My Totem, the Vulture

Oklahoma Turkey Vulture

Last summer I was struggling with a sadness and hurt I could not seem to get a grip on.  My coping skill all through life has been a hard work ethic.  If I ever started feeling sorry for myself, or I was dealing with anger or hurt, whatever the case may be, I put myself to work.  Hard work.  Sometimes to the point of complete exhaustion.  There were times in my life this went on for days, weeks, even months.  Eventually, I’d wear myself out.  And in time,  the issue healed.  And so it was last summer that I headed out on a hot day dead set on moving a large pile of red dirt that had settled and dried in a huge heap in the middle of our lawn.  It was leftover dirt from a previous project.  It needed to be moved.  Since I had a troubled mind, I decided to tackle the pile of Oklahoma soil in hopes of working through the problem.  The longer I toiled, the more worked up I became.  Then, all of a sudden, I saw a large shadow sweep over me.  I looked up, not immediately locating the source, and then I heard it right next to me!  Swooping low, not 50 feet away, wings outstretched and gliding slowly, was a huge vulture!  He made a graceful dip, soared straight up above the trees, not flapping his wings at all!  All I heard was the whoosh of him passing by!  It is common to see vultures soaring above the woods but never so close and low to the ground!  It was amazing to watch his graceful flight.  I felt adrenaline surge through me!  He made another similar low swoop only further away.  I marveled at the wingspan on this fellow.  I stood there, riveted to my spot at the dirt pile, in complete awe.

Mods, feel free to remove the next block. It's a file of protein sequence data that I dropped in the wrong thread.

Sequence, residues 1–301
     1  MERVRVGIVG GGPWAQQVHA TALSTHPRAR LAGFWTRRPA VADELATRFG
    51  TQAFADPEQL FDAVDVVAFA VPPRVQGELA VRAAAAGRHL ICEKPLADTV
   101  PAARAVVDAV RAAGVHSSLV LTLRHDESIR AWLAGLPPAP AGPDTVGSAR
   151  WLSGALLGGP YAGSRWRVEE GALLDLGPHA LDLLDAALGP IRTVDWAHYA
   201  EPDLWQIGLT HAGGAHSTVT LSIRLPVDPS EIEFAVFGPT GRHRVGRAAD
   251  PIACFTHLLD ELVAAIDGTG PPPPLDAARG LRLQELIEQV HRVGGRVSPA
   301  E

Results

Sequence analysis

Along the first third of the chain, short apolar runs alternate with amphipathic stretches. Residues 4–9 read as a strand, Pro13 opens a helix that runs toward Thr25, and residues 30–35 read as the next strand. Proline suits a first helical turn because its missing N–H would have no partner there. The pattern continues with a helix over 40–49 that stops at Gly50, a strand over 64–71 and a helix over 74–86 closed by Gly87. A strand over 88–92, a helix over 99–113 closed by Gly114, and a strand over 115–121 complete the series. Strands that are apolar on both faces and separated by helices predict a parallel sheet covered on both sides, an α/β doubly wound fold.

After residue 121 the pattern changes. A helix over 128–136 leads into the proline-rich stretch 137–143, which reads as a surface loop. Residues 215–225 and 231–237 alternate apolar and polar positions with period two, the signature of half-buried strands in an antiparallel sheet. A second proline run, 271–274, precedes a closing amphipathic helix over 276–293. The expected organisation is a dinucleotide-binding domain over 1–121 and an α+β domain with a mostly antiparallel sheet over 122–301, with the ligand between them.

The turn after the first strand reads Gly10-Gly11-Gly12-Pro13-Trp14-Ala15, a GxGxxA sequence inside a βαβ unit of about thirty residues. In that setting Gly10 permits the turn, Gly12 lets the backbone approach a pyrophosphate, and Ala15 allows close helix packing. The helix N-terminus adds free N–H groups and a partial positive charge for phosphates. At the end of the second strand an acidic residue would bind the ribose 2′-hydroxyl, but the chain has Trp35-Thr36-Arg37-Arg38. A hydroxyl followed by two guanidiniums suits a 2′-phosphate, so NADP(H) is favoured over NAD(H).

Turkey Vulture catching a thermal.